The Nashville metropolitan economy will lose about $1 billion next year because of the mortgage crisis, according to a national report just released this past week
The report, prepared for the U.S. Conference of Mayors, found that the economic slow down caused by mortgage defaults and real estate foreclosures will cut the expected growth of the area's Gross Metropolitan Product by 0.7 percentage point, to 2.5 percent. The Gross Metropolitan Product is the measure of the total value of the goods and services produced in a community.
The Nashville-Davidson County-Murfreesboro Metropolitan Statistical Area had a gross metropolitan product of $60.3 billion in 2005, ranking it 40th in the country, according to another report released by the mayors group in January.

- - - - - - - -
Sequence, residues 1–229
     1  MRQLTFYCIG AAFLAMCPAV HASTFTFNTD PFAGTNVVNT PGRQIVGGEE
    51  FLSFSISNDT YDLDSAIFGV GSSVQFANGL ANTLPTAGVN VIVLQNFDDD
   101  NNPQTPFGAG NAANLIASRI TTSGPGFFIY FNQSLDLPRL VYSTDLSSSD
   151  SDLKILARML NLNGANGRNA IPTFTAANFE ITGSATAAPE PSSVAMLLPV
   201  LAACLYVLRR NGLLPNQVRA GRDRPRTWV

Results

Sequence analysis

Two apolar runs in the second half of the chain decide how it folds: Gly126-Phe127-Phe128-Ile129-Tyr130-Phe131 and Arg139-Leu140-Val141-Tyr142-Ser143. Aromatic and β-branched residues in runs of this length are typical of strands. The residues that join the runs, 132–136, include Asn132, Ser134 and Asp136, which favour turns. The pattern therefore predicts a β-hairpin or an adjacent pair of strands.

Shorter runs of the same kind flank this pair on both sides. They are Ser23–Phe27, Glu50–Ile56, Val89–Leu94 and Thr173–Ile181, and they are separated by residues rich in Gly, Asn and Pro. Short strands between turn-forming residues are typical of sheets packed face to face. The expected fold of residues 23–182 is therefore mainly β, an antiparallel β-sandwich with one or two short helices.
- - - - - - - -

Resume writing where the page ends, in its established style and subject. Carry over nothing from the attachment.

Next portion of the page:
Rising home prices had fueled consumer spending, which drove economic growth, the mortgage crisis report states.
Now, the reverse is happening.
The report predicts economic growth of less than 2 percent next year in 128 of the 361 areas that were studied.
Other considerations are the slow down in sales tax revenues generated from the strong housing market that supported local the local economies. Unemployment triggered by the slow down reaches further than just the real estate and mortgage industries. Contractors, building product suppliers and retailers will all feel the effect.
Other Tennessee metropolitan areas and their projected declines include:
- Jackson, 0.7 percentage point, $77.2 million.
- Clarksville, 0.8 percentage point, $13.7 million
- Knoxville, 0.6 percentage point, $311.9 million.
- Chattanooga, 0.5 percentage point, $166.3 million.
- Memphis, 0.6 percentage point, $482 million.